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Starting and finishing from Cowes on the Isle of Wight, the course takes the fleet as far north as Muckle Flugga in the Shetland Islands on the 61st parallel — shared by Alaska and the Bering Sea.
The 2018 race is an official event for the 2018 Class40 circuit and since the class first competed in the race in 2006, only five have finished the gruelling challenge.
In 2006, Britain’s Phil Sharp became the first Class40 skipper to finish the race and he went on to win the Route du Rhum later that year.
Fast forward to June 2018 and Sharp with co-skipper Julien Pulve was victorious in the 1,000nm Normandy Channel Race, winning by just six seconds after six days of racing.
For the 2018 Sevenstar Round Britain and Ireland Race starting on Sunday 12 August, Sharp will skipper Class40 Imerys and is one of the favourites to win the class.
“The diversity of racing around Britain and Ireland is a real challenge. You can get everything possible thrown at you. Just finishing gives tremendous satisfaction and makes you all the stronger for it,” Sharp said.
“We didn’t do very well in 2006, but it was my first proper race in the Class40 and it was invaluable for the win in the Route du Rhum.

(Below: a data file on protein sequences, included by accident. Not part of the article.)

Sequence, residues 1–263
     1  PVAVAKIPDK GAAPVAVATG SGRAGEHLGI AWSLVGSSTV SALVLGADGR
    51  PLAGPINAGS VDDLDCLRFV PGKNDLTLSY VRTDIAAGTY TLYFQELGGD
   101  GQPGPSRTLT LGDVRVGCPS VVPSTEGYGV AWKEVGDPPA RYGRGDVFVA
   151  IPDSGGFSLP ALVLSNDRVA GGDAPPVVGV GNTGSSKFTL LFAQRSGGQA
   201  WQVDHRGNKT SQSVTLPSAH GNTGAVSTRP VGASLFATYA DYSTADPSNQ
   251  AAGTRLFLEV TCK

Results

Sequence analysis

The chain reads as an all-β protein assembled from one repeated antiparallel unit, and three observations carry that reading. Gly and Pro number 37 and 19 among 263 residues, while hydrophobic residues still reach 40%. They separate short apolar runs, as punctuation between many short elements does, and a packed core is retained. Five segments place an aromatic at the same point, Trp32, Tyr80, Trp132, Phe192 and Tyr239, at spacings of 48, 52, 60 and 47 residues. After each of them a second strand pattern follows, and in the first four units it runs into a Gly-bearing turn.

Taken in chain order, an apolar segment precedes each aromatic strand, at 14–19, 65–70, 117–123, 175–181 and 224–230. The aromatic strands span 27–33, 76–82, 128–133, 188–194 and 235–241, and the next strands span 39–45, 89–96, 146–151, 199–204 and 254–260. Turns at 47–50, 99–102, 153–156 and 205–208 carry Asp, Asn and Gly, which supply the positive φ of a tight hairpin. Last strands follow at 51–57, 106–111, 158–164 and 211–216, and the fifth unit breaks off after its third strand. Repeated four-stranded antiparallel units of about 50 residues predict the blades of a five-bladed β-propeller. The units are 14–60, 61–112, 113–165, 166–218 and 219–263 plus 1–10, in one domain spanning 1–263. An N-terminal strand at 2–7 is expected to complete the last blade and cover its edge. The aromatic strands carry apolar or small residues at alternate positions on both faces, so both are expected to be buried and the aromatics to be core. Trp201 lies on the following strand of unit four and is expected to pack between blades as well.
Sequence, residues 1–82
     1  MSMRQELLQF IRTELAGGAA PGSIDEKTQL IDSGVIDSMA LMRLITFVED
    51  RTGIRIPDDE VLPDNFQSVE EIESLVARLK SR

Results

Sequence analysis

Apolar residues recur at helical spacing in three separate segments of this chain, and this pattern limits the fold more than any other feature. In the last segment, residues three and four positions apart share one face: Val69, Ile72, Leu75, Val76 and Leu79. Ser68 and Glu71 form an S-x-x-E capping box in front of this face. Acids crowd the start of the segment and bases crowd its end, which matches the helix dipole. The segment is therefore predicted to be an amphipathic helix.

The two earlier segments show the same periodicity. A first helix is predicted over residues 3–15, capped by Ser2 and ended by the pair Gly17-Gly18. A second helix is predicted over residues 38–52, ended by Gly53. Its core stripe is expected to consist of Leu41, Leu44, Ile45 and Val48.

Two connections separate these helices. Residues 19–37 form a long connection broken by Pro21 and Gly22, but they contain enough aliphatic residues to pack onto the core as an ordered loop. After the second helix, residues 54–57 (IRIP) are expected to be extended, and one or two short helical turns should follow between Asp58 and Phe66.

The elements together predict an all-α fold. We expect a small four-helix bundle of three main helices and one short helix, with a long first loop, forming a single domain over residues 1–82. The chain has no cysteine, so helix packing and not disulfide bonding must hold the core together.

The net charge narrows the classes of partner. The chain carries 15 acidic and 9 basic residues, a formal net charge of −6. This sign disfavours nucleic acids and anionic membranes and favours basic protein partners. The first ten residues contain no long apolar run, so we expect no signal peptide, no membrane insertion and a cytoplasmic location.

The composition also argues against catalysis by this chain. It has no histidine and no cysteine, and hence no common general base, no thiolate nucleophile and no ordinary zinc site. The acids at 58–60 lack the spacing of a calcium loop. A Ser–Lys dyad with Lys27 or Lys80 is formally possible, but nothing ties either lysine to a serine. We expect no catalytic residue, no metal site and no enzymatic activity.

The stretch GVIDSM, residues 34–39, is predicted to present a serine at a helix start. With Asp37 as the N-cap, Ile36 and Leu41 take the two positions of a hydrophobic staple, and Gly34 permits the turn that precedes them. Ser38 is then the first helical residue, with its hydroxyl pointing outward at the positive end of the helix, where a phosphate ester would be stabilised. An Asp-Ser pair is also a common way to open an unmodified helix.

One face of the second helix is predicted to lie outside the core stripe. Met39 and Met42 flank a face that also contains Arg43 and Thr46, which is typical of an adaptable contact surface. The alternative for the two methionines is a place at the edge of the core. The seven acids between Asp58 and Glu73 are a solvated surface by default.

“It is a coastal race but you rarely see land and the course takes you further north than just about any offshore race. The weather can get very extreme and very cold. Racing in howling winds, fully in winter gear, makes it very easy to forget it is August.
“Pushing the boat to the limits can be stressful, but it is an amazing experience, surfing down waves getting doused in blue water. A Class40 transforms itself into a dinghy, especially the modern ones which are highly optimised racing machines.”
The majority of the Sevenstar Round Britain and Ireland Race fleet will be racing under the IRC Rating system with additional classes for Class40, MOCRA and IMOCA. This year’s race is also expected to have a record entry for two-handed challengers, among them Liam Coyne’s Lulu Belle.
All boats will carry trackers and full coverage of the race is available on the Sevenstar Round Britain and Ireland Race website.
It marks the 14th running of the quadrennial yacht race, which was established in 1966 by the Cockershell hero Major Blondie Hasler.
The most recent edition in 2014 saw Liam Coyne and Brian Flahive on Lula Belle become the first two-handed team to win the race, which comprises five legs totalling some 2,000 miles on a course sailed clockwise around the British Isles and Ireland, leaving all islands and rocks to starboard.
The event is open to professional and amateur yachtsmen in mono and multihulls between 28ft and 5ft in length overall.
Race director David Searle, a former race competitor and current member of the Royal Western YC, anticipates a strong local and international entry of up to 60 boats to contest what’s described as one of the world's toughest coastal two-handed races.
The race record stands at 15 days and seven hours, but sailors should allow about 23 days to complete the course, including the four 48-hour rest-and-repair stopovers in Kinsale, Castle Bay, Lerwick and Lowestoft.
The Notice of Race and entry form can be found at the Round Britain and Ireland Yacht Race website HERE.